Elvira’s visiting old haunts one last time, driven by one ex-pop singer Zak (originally, less sexily, Gerald) as a bargain. Michael Feast’s beady-eyed biker duly arrives at the end of Act One, mouth full of Mockney.
Shepherd’s generous to his characters. We’ve had Anna subsumed by Elvira. It’s Zak’s and returning Peter’s turn, with more of Chris.
The pith of Shepherd’s arguments come in Act Two’s yard outside, effected by lowering window and door wooden frames, darkening the foreshortened kitchen behind, letting characters step through into the yard with decked chairs and a rickety table Zak spends half the act fiddling with, pronouncing about Duchamp’s Urinal from a semi-recumbent position. Because this frothy-mouthed ex-punk whose hair-spikes are worn nowadays on the inside, dropped out of art school.
Art maybe, but Shepherd’s a dramatist of ideas too, and Chris’s fragility – unsuspected by Zak till Chris boils over – is the trigger. Chris suspects his own fluent gift projecting value onto objects, boosting prices: ‘I’d read a lot of art theory… most of it translated from the French… I knew exactly what kind of language to use in order to sound authoritative.’ Some art ‘might even move me.’
Chris even hints at ancient paranoias. Anna’s held him from darkness, Zak brings it back. But if Chris’s perspective ‘changed with the weather’ so in part sincere ‘It was no life though. Not for a grown-up.’ That’s the cue to shut up. Zak keeps prodding, suggesting it’s personal for Chris, that art still ‘gets under your skin’ then riffs on ‘ordinary people’. He could’ve started singing Common People which song kicked off in St Martin’s Art College; you get a whiff of Jarvis Cocker. Shepherd suggests he has a point.
Shepherd’s drama though shifts back through Elvira’s hung-over return, with Anna’s attempts to feed her. Shepherd’s characterising of Elvira is a highpoint. The sensation of riding pillion Elvira claims ‘gave this wrinkly old vagina a thrill’. Said it was earthy. ‘Disinhibited’ Elvira is, not simply by drinking everyone under the table, but sensing herself on a threshold.
Steed’s performance masterclass as a bright old thing dominates with chiffons of charm and transparent ligging, graced by her conferring knowledge of the past on her hosts, and looming mortality. Steed’s vocal range is reined-in coloratura, her Sibylline expressiveness breathtaking.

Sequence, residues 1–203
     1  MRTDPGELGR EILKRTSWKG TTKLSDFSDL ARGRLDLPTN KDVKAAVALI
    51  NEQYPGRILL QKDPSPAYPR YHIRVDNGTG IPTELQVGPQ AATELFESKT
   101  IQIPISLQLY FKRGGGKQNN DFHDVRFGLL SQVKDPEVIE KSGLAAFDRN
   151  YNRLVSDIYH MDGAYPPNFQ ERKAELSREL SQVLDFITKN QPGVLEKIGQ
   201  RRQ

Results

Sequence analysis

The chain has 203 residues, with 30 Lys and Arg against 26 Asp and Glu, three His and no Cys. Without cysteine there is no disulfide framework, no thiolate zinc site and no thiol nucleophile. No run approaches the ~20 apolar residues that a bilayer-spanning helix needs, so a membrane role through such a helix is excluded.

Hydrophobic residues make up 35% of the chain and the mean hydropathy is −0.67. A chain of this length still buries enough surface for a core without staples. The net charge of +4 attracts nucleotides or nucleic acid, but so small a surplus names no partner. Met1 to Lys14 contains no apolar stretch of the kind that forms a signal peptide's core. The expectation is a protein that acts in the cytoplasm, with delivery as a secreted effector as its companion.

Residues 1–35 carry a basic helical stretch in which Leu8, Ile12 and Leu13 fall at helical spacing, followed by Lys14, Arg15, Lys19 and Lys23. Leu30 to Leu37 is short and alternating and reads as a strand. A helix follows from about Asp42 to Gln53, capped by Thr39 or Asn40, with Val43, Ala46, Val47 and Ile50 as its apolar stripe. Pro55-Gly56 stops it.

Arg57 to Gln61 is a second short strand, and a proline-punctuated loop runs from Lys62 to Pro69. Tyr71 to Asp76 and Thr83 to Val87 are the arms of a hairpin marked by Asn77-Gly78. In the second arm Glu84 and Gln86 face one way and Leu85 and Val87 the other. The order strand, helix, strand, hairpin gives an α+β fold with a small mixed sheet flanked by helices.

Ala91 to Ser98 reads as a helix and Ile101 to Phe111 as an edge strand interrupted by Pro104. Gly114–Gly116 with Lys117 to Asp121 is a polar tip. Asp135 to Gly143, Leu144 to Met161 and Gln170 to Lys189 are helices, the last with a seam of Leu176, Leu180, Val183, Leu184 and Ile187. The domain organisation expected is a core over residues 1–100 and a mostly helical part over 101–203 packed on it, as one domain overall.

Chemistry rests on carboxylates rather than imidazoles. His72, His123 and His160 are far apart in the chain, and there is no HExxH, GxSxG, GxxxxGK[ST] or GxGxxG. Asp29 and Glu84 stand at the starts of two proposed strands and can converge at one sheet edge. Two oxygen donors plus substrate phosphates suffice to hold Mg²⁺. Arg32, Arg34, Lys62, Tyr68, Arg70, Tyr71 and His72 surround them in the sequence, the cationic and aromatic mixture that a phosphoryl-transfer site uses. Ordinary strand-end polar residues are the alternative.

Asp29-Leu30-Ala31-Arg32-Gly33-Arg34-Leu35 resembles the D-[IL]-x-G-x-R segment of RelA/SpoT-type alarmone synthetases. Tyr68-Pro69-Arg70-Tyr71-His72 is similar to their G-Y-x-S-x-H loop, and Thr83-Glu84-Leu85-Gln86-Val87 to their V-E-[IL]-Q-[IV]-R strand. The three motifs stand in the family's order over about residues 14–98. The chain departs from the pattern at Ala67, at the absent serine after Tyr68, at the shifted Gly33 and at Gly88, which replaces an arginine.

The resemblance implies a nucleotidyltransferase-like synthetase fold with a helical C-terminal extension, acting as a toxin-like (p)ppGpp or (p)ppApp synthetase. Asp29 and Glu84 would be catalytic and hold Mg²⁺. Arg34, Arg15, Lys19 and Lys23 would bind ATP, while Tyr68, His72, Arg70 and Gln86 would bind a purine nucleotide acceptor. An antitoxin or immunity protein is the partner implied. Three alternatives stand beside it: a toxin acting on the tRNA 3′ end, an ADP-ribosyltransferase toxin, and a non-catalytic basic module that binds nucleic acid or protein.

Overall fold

Noises off suggest further events, but Anna’s the tremulous heart of it all. Everything tends to a burden Anna’s borne so long it shudders out of her when alone: gradations of coping, nursing, hiding small terrors. Hyde, so often on radio, shows us what we miss in theatre. Her Anna’s both fiercely protective and keenly aware that Chris’s decisions can’t be for her sake. Hyde sears it out in a whisper. This gentle, steely heart-rending solitude, fending off each character in turn is akin to Eleanor Dashwood’s sudden release of feeling in Sense and Sensibility. It’s why we come, for moments like this that tell us of living and partly living.
The men are very fine too. Feast needles with an air of devastating innocence: a lithe wire who half-knows he’s a catalyst, never moved himself except perhaps by twelve-bar blues. Sturzaker’s nervy simmering Chris is exactly right: clipped in feeling, quietly relaxing into authority through paragraphs of his forsaken triumphs then snapping. Sturzaker suggests he’s probing and reliving a bruise. Clyde’s avuncular provider – the one still painting – insinuates sudden, desperate need but swiftly scents character and danger, radiating loyalty.
This is first-class Shepherd. Ideas are prodded out of character, not into them. The drama of ideas is subsumed by an experiential glow recalling how Elvira subdues her immediate environment to herself. Characters scumble across the marriage of Chris and Anna, leave them marked but ready for the quiet desperation of loving. They’re so fully realised you hope, unfairly, for a sequel.